Security

Prevention is no cure for cyber attacks

Read time 2min 10sec
The average time a company spends to detect an attacker is over 200 days, says Symantec's Antonio Forzieri.
The average time a company spends to detect an attacker is over 200 days, says Symantec's Antonio Forzieri.

IT leaders should not be focusing only on prevention to protect their company's business. Instead, their security strategy should be expanded through four phases: preparation, protection, detection and response.

So says Antonio Forzieri, EMEA cyber security practice lead at Symantec, adding the "main difficulty here is the lack of resources and skills".

Forzieri will present at ITWeb Security Summit 2015 in Johannesburg next week, where he will describe the most common attack techniques, how they were used and why the attackers were successful. He will also expand on approaches companies can follow to improve their security initiatives.

The average time a company spends to detect an attacker is over 200 days, according to market research, says Forzieri, adding often when attackers are detected, companies are unable to react effectively.

"I've seen very well-prepared customers with a very well-documented incident response plan in place, panicking during a breach simulation and not being able to clearly identify and eradicate the attacker from the environment."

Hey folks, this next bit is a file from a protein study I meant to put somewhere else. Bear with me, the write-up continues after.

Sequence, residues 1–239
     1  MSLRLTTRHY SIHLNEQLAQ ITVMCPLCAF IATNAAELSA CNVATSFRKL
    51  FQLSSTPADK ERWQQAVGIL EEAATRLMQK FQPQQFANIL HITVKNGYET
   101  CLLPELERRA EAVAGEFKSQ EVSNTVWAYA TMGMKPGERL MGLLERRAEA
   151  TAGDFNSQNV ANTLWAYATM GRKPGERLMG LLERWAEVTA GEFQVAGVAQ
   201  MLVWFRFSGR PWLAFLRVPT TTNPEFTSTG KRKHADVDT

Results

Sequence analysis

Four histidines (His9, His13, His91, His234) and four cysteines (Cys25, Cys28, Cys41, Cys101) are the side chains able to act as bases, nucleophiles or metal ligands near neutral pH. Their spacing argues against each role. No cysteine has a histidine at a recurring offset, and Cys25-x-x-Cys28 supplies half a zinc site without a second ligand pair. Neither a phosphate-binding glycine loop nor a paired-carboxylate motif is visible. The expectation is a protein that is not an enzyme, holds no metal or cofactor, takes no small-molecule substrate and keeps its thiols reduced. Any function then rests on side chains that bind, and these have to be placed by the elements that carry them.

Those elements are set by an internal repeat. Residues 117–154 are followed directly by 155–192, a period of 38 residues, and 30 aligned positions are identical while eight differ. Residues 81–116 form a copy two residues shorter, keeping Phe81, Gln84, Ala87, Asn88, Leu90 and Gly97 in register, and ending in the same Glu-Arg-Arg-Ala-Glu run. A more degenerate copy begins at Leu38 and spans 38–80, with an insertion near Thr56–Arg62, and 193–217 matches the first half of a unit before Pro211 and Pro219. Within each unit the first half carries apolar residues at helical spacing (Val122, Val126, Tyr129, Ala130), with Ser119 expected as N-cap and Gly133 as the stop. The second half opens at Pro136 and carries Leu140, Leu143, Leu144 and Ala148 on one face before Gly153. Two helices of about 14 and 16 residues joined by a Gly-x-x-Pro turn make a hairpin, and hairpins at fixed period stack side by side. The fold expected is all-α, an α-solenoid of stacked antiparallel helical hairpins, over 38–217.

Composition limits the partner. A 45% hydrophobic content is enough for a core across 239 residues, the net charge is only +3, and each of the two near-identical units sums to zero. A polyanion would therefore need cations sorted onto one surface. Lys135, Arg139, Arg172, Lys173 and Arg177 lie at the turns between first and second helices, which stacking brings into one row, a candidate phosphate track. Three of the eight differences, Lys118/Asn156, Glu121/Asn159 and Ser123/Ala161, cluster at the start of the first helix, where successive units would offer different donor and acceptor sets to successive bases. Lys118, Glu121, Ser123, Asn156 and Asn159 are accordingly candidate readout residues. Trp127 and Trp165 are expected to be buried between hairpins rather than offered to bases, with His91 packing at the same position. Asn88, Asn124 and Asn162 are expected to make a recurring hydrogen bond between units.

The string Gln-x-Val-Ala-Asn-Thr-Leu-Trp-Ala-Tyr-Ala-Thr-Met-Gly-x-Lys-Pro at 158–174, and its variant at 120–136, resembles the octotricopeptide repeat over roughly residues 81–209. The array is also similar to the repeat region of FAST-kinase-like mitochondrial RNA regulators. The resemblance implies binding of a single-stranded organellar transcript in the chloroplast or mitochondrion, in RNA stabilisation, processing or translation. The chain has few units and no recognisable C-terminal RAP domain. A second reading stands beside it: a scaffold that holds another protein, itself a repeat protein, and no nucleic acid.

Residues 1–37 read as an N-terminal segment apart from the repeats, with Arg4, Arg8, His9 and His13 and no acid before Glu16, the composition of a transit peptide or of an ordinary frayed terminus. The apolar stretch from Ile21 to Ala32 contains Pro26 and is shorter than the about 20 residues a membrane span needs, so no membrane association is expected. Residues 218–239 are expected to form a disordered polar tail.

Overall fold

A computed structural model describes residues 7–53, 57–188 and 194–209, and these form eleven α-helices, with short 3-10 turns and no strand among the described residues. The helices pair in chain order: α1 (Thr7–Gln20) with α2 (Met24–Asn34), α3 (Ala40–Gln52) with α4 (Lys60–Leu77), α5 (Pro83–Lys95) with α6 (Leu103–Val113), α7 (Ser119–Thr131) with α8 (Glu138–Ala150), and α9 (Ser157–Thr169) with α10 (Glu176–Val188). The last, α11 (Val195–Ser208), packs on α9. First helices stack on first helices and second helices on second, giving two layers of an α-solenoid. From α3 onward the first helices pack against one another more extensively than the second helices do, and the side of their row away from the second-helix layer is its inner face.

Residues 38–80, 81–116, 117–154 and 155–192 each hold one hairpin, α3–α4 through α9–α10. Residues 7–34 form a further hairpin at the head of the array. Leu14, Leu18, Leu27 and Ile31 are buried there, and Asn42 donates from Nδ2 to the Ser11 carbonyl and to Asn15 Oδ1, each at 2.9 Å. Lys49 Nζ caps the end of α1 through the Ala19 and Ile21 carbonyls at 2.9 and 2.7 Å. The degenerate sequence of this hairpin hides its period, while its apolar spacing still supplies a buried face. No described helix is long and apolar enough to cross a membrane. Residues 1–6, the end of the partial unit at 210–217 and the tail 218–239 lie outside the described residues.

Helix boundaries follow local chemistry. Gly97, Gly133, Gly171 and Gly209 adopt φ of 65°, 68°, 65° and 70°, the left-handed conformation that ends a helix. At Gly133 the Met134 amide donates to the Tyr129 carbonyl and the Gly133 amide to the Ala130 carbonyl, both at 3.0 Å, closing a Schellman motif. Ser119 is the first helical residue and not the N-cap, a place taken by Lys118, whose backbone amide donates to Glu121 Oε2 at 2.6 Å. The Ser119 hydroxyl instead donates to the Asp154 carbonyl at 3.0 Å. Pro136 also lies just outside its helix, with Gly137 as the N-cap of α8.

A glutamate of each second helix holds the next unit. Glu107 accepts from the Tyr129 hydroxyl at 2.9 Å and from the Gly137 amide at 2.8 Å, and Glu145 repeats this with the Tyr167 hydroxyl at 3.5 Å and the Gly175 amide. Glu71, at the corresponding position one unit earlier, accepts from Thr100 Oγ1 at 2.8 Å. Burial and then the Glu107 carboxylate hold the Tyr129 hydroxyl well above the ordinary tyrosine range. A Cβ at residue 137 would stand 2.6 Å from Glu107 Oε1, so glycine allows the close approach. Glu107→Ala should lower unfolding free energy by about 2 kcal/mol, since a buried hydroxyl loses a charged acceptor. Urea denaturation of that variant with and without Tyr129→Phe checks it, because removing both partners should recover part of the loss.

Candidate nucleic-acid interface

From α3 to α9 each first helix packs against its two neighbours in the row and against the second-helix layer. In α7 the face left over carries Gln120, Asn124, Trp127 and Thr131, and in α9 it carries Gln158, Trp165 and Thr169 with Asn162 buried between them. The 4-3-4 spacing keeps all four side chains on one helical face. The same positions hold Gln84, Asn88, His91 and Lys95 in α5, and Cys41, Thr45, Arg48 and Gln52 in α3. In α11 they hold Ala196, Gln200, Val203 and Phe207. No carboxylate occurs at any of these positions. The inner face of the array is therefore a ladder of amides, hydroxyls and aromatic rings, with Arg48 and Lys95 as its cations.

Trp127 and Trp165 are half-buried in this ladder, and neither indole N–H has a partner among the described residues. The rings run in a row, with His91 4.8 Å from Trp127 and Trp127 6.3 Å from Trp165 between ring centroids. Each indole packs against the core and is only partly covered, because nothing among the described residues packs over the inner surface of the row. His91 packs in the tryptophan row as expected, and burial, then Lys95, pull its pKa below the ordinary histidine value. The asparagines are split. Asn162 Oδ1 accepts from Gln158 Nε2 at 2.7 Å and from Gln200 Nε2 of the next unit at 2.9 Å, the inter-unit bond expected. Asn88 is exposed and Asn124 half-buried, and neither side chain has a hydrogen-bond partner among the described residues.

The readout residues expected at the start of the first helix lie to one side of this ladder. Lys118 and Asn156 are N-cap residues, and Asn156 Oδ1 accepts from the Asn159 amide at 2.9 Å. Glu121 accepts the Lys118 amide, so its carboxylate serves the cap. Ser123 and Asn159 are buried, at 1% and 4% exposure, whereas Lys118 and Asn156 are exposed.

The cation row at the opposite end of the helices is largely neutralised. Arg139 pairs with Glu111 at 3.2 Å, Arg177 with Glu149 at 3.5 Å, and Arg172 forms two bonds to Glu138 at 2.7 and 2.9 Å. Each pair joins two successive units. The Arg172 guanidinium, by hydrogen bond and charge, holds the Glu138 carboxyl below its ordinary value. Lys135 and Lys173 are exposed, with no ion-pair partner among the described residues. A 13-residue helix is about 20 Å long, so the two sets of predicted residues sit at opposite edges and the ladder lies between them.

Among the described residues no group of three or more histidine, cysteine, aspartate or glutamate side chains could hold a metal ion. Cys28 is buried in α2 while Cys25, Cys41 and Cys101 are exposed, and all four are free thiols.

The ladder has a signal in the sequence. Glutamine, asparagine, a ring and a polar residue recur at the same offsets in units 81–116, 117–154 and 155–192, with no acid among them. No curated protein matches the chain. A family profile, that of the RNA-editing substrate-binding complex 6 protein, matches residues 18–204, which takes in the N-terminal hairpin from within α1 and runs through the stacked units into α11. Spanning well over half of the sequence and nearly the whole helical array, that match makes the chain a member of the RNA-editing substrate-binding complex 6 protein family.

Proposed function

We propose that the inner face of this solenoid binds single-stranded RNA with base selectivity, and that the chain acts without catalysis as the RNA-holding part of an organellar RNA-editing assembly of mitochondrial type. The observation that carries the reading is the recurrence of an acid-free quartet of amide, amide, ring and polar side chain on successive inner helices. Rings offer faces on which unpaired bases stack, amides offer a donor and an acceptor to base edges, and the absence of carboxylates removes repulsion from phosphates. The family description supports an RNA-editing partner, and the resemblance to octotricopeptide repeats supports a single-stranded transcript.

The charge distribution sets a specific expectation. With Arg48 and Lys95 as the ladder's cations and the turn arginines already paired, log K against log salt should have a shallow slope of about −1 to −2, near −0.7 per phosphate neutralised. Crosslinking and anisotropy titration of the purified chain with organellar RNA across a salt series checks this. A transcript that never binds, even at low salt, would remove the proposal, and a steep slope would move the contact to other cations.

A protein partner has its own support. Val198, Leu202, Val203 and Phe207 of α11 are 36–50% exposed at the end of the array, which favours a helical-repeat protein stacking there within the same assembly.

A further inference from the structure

He believes companies should dedicate a "considerable part of their budget to detection and response technologies/services", as well as concentrate on getting the basics right. "We have seen during investigations that 98% of breaches happen because companies keep failing on the basics: applying patches, testing their security posture and choosing strong passwords - just to name a few."

ITWeb Security Summit 2015

The 10th annual infosec event from ITWeb is a 'must-attend' experience for every IT and security professional and senior manager with business and information management responsibilities. Click here to register.

Commenting on the impact of social media, Forzieri says people tend to share much more than they should. Leveraging the amount of information available via social media plus some metadata analysis gives attackers options to compromise their targets, he adds.

"Whatever technique the attacker is using, there's a common ingredient in all of them: the human factor. Social engineering techniques are heavily adopted and customised by attackers and are extremely useful in bypassing any protection technology the target may have in place. Unfortunately, we cannot install a patch in our users, but we can train them, train them and train them."

Forzieri will join over 30 other thought leaders and subject matter experts at ITWeb Security Summit 2015, at Vodacom World, in Midrand, from 26 to 28 May. Click here to find out more and to register.

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